What is Baker’s Cyst (Popliteal Cyst) ?f

  • Baker’s cyst is swelling caused by fluid from the knee joint protruding to the back of the knee.
  • Baker’s cysts are common and can be caused by virtually any cause of joint swelling (arthritis).
  • A Baker’s cyst may not cause symptoms or be associated with knee pain and/or tightness behind the knee, especially when the knee is extended or fully flexed.
  • Baker’s cysts can rupture and become complicated by spread of fluid down the leg between the muscles of the calf (dissection).
  • Baker’s cysts can be treated with medications, joint aspiration and cortisone injection, and surgical operation, usually arthroscopic surgery.

What is a Baker’s cyst?

A Baker’s cyst is swelling caused by fluid from the knee joint protruding to the back of the knee. The back of the knee is also referred to as the popliteal area of the knee. A Baker’s cyst is sometimes referred to as a popliteal cyst or Baker cyst.

When an excess of knee joint fluid (synovitis) is compressed by the body weight between the bones of the knee joint, it can become trapped and separate from the joint to form the fluid-filled sac of a Baker’s cyst. The name of the cyst is in memory of the physician who originally described the condition, the British surgeon William Morrant Baker (1839-1896).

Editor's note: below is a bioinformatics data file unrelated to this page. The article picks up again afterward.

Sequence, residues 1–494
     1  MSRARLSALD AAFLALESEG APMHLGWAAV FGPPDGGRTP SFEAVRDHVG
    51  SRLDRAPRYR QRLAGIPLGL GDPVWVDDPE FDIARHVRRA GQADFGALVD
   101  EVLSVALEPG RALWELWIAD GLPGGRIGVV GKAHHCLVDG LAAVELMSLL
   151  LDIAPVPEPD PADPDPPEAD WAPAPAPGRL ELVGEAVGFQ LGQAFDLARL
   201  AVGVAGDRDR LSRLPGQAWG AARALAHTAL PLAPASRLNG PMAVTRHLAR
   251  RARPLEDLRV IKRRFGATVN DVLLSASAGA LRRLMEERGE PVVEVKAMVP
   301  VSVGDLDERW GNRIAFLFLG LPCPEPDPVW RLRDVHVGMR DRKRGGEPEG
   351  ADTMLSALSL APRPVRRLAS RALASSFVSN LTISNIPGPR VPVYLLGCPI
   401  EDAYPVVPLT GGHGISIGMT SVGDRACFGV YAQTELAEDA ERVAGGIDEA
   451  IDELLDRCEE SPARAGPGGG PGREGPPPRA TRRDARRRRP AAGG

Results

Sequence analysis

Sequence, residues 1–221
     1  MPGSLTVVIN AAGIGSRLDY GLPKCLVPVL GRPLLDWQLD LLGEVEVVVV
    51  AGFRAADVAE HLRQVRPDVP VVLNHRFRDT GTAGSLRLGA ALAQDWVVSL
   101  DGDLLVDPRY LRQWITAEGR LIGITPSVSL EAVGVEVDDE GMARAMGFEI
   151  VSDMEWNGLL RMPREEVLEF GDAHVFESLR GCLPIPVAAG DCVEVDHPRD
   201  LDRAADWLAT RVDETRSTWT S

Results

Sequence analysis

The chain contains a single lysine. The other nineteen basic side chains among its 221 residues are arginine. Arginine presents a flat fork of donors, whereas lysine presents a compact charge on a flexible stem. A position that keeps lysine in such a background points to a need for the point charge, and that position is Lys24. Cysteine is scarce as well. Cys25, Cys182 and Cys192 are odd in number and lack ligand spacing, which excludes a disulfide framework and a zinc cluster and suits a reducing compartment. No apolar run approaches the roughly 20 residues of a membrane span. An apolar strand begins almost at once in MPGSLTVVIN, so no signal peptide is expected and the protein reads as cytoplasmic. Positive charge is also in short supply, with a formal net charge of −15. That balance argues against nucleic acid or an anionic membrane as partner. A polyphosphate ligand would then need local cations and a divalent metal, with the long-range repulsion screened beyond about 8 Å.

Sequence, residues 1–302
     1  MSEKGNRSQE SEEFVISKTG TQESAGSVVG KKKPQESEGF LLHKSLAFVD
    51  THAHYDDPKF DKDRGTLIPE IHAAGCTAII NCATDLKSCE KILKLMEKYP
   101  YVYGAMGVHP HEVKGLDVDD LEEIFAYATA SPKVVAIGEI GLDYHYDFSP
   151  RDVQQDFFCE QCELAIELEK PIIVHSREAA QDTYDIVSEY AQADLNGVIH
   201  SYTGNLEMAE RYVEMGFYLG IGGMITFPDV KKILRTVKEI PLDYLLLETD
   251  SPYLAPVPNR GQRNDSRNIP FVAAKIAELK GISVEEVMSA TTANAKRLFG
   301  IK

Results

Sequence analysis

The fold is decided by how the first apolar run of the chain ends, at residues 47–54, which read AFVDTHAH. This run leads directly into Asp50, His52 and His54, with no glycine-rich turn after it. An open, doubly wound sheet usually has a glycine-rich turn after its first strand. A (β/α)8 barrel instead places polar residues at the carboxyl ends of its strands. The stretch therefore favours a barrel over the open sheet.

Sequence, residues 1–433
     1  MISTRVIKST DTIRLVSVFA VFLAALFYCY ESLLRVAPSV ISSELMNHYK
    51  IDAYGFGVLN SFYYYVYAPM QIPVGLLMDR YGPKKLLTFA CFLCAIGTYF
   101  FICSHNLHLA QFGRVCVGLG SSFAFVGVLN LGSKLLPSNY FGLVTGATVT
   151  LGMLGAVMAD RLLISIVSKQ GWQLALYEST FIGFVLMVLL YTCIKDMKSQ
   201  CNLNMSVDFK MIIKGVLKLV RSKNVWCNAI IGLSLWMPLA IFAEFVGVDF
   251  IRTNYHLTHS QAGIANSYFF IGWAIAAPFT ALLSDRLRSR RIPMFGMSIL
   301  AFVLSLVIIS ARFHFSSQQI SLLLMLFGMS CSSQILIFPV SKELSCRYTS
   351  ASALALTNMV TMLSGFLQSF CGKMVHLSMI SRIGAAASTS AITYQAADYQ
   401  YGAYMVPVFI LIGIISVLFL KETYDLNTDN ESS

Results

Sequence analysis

What causes a Baker’s cyst?

Baker’s cysts are not uncommon and can be caused by virtually any cause of joint swelling (arthritis). The excess joint fluid (synovial fluid) bulges to the back of the knee to form the Baker’s cyst. The most common type of arthritis associated with Baker’s cysts is osteoarthritis, also called degenerative arthritis. Baker’s cysts can occur in children with juvenile arthritis of the knee. Baker’s cysts also can result from cartilage tears (such as a torn meniscus), rheumatoid arthritis, and other knee problems.

What are risk factors for a Baker’s cyst?

Risk factors for a Baker’s cyst include a torn meniscus, knee arthritis (including osteoarthritis and rheumatoid arthritis), and knee joint injury.

What are symptoms and signs of a Baker’s cyst?

A Baker’s cyst may cause no symptoms or be associated with knee pain and/or tightness, and stiffness behind the knee, especially when the knee is extended or fully flexed. Baker’s cysts are usually visible as a bulge behind the knee that is particularly noticeable on standing and when compared to the opposite uninvolved knee. They are generally soft and minimally tender. Sometimes there can be a mild decrease in the range of motion of the knee.

Baker’s cysts can become complicated by spread of fluid down the leg between the muscles of the calf (dissection). The cyst can rupture, leaking fluid down the inner leg to sometimes cause the appearance of a painless bruise under the inner ankle. Baker’s cyst dissection and rupture are frequently associated with swelling of the leg and can mimic phlebitis of the leg. A ruptured Baker’s cyst typically causes rapid-onset swelling of the leg with bruising around the ankle. Read More

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